People have always told me I have an old soul and I never knew what that really meant until I fell in love with history! But not just any history I am fascinated by the Gold Rush that took place in the 19th and early 20th centuries. I love visiting the historic town like Barkerville and Fort Steele and have always wanted to live in an old Gold Rush town, I might even volunteer there this summer! But back to the Titanic…I remember when the movie came out back in my teenage days (little secret – still have it on VHS), so when I had the opportunity to visit Titanic: The Artifact Exhibition while I was in Las Vegas I couldn't pass up the opportunity.
Titanic: The Artifact Exhibition Las Vegas – Family Travel
Since I was staying at the Tropicana it was an easy tram ride over to the Luxor to take in the exhibit! When entering you receive a boarding pass that has real information of an original passenger who was on the Titanic! At the end you can view the memorial wall and see if your passenger made it safely off the ship. Although you can't take photos in the exhibit there is a photo opportunity on the full-scale re-creation of the Grand Staircase.
Titanic: The Artifact Exhibition Grand Staircase
A little history:
RMS Titanic was a British passenger liner that sank in the North Atlantic Ocean on 15 April 1912 after colliding with an iceberg during her maiden voyage from the UK to New York City. The sinking of Titanic caused the deaths of more than 1,500 people in one of the deadliest maritime disasters in modern history. On her maiden voyage, she carried 2,224 passengers and crew.
On 14 April 1912, four days into the crossing and about 375 miles (604 km) south of Newfoundland, she hit an iceberg at 11:40 pm ship's time.
Lifeboats: 20 for 1,178 people
Since there weren't enough lifeboats for crew and passengers there was the “women and children first” protocol, leaving over a thousand passengers on board as the Titanic sank.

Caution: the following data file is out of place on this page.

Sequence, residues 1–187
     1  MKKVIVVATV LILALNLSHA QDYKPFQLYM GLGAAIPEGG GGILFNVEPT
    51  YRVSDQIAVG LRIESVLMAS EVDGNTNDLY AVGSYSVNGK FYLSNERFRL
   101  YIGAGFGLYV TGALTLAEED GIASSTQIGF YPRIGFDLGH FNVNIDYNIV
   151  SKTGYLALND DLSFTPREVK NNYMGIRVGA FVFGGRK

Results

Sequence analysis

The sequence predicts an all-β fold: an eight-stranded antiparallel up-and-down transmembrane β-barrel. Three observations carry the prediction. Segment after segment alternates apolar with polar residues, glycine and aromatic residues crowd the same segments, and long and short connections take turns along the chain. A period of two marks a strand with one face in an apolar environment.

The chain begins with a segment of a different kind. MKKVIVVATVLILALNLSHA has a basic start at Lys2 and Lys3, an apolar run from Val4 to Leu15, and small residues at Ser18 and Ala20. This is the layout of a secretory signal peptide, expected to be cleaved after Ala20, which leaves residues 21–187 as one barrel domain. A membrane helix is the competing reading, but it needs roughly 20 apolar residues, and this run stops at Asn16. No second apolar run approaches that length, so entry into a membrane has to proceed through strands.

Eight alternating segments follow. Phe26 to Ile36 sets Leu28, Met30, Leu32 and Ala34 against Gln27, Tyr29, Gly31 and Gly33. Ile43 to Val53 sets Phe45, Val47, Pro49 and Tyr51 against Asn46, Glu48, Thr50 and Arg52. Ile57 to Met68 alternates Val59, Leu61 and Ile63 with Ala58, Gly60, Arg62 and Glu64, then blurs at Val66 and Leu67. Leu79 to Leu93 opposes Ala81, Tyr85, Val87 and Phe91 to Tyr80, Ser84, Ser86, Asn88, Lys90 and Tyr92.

The wreck of Titanic remains on the seabed, split in two and gradually disintegrating. Since her discovery in 1985, thousands of artifacts have been recovered and put on display at museums around the world.
It is hard to believe the recreation of the first- and third-class rooms on board the Titanic with pieces from the original manufacturer. As you walk through there are many original pieces that have been salvaged from the floor of the North Atlantic including an unopened bottle of champagne. The 25,000-square-foot exhibit features numerous items including luggage, the ship's whistles, floor tiles from the first-class smoking room, and a window frame from the Verandah Cafe.
Titanic: The Artifact Exhibition First Class Cabin
It is hard to believe that the wreck sits 2.5 miles below the surface. As you walk through viewing the artifacts and reading what happened that night they have done an excellent job of setting the mood on the night of the iceberg collision. As you walk through the outer Promenade Deck, complete with the frigid temperatures felt on that fateful April night, takes you back in time to what that night would of felt like. For me the most fascinating piece in Titanic: The Artifact Exhibition is section of the hull which really puts the size of the ship into perspective.
My daughter and I have been through the exhibit and loved it, she was 5 so it was hard for her to fully grasp what the actual exhibit was about. If you homeschool or are a teacher the exhibit offers a great opportunity for lessons in Science, History, Geography, Language Arts, Math and Technology. I highly recommend the exhibit, especially as an educational family experience, be sure to check out the multiple exhibit discounts so you can experience more of what Las Vegas has to offer in family travel.
I have more fun articles in the making on Family Travel in Las Vegas!